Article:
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News Link • Gun Rights

Schools Seeking to Arm Employees Hit Hurdle on Insurance

• New York Times
As more schools consider arming their employees, some districts are encountering a daunting economic hurdle: insurance carriers threatening to raise their premiums or revoke coverage entirely.

 During legislative sessions this year, seven states enacted laws permitting teachers or administrators to carry guns in schools. Three of the measures — in Kansas, South Dakota and Tennessee — took effect last week.

But already, EMC Insurance Companies, the liability insurance provider for about 90 percent of Kansas school districts, has sent a letter to its agents saying that schools permitting employees to carry concealed handguns would be declined coverage.  ...
The Oregon School Boards Association, which manages liability coverage for all but a handful of the state’s school districts, recently announced a new pricing structure that would make districts pay an extra $2,500 annual premium for every staff member carrying a weapon on the job....

2 Comments in Response to

Comment by Ed Price
Entered on:

On the outside of it, you would think that the insurance companies would give better rates if the teachers were well armed, and taught in the use of the firearms.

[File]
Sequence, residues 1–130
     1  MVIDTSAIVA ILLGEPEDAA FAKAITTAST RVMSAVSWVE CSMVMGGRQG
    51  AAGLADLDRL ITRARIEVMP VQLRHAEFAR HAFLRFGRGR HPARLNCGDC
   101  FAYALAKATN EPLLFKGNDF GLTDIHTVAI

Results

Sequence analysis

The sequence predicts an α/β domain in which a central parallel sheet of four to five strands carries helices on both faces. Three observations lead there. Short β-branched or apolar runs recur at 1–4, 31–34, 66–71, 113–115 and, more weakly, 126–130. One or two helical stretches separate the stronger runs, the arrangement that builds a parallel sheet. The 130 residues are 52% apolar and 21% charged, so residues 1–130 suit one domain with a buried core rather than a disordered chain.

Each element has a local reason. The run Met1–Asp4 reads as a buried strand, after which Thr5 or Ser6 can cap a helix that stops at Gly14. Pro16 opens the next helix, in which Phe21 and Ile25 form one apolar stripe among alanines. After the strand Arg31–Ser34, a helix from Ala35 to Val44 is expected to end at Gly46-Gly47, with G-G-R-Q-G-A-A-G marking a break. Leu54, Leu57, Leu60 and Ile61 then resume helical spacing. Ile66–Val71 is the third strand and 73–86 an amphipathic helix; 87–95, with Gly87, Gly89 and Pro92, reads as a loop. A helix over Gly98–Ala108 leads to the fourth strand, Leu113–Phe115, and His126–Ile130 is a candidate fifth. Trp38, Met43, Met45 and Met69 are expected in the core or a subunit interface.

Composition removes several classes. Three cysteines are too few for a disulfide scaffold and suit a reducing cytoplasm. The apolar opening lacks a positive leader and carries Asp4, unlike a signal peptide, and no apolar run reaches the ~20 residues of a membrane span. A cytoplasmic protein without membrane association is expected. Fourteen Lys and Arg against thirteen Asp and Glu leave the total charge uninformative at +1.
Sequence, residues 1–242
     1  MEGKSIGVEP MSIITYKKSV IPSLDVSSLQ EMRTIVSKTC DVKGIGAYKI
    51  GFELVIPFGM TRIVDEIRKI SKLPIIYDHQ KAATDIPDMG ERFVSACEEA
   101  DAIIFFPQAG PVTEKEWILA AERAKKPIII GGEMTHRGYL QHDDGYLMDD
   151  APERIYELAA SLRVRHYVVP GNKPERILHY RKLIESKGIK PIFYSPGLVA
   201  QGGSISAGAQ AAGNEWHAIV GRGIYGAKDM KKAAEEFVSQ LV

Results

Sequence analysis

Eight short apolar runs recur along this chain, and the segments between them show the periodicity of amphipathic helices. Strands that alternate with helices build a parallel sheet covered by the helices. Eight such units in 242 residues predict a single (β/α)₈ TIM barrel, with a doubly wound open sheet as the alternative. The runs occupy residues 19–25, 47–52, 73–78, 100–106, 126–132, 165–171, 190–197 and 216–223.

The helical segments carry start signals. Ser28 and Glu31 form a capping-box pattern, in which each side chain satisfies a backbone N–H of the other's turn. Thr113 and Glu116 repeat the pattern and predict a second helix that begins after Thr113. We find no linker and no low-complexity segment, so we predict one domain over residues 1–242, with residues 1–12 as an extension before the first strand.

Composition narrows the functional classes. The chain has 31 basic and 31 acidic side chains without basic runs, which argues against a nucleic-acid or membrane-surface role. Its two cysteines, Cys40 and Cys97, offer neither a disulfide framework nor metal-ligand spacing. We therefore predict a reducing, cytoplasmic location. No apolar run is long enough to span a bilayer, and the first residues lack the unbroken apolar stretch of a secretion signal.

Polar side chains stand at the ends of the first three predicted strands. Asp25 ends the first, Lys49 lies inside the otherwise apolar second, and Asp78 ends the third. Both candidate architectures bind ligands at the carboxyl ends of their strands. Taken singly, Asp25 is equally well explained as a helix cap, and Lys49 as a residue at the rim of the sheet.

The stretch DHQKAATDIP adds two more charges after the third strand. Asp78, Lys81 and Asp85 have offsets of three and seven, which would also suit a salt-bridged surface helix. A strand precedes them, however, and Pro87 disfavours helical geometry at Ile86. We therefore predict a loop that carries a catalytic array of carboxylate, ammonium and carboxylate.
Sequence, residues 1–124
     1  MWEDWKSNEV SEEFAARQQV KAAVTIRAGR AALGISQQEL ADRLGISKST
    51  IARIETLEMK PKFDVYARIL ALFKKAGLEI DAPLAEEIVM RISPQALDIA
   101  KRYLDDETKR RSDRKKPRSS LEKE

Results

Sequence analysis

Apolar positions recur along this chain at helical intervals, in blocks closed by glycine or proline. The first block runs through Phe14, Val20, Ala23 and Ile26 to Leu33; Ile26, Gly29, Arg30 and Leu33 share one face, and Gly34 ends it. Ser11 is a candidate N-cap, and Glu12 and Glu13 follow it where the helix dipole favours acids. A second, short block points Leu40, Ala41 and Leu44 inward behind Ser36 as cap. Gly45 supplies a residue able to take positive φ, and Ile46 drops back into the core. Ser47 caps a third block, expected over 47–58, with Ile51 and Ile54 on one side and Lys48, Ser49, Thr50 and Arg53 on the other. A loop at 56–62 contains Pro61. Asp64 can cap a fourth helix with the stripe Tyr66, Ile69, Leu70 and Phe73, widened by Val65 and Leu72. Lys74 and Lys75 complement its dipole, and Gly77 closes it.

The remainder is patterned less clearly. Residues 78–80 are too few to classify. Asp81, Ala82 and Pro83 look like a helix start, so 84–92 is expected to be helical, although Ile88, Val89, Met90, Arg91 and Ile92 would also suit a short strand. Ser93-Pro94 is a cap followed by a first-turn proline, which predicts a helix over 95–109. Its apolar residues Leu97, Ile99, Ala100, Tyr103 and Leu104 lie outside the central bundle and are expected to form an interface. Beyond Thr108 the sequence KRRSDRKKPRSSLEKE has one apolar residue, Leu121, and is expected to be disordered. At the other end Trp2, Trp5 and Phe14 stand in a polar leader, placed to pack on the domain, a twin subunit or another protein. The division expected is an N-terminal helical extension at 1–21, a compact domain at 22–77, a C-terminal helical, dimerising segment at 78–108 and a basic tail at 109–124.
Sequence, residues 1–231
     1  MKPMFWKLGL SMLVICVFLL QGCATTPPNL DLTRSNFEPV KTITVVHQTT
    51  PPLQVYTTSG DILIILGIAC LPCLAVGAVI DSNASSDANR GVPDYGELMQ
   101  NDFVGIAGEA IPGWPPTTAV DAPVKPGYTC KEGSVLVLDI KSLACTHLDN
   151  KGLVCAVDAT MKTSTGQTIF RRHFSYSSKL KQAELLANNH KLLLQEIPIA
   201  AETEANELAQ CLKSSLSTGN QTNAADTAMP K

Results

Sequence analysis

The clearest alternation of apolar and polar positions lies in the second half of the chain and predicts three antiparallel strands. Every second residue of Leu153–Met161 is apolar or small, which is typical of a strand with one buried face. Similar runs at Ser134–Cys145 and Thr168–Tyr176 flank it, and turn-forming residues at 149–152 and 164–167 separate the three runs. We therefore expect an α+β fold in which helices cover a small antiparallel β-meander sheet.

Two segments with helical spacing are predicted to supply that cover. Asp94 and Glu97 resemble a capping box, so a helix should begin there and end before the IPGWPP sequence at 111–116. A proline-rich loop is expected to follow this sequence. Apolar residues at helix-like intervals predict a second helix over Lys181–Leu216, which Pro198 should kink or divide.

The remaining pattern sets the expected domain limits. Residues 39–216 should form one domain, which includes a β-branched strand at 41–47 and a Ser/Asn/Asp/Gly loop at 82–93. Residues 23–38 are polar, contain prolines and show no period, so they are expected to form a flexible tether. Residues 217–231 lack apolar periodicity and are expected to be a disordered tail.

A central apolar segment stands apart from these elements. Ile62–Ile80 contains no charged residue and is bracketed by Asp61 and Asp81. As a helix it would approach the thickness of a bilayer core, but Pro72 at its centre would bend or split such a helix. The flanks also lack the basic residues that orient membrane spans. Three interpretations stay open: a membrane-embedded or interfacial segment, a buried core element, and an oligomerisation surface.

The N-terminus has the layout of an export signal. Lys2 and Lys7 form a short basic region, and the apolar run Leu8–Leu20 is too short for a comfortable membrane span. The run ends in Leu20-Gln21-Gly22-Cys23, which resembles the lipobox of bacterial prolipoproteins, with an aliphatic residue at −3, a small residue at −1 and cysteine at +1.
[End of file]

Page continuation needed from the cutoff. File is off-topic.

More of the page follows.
The police are a big enough threat to murderers and assassins of school children. But when you station an armed teacher in every classroom, think of what a deterrent that is! So what's with the insurance companies. You would think that they would be out to make money by receiving payments where they would never have to make payments.

Comment by J E Andreasen
Entered on:

How very typical of the NYT.  Nearly the entire article argues that insurers rationally calculate that armed teachers constitute substantially increased risk of claims.  Only deep into the article do we find that that is merely the opinion of ONE insurer.

Further down in the article the truth slowly, grudgingly, emerges.  The district in question ultimately finds a willing insurer, in a cooperative purchase with other customers, at a LOWER COST. 

Reliably licking the anus of Leviathan.  Good newspaper.  

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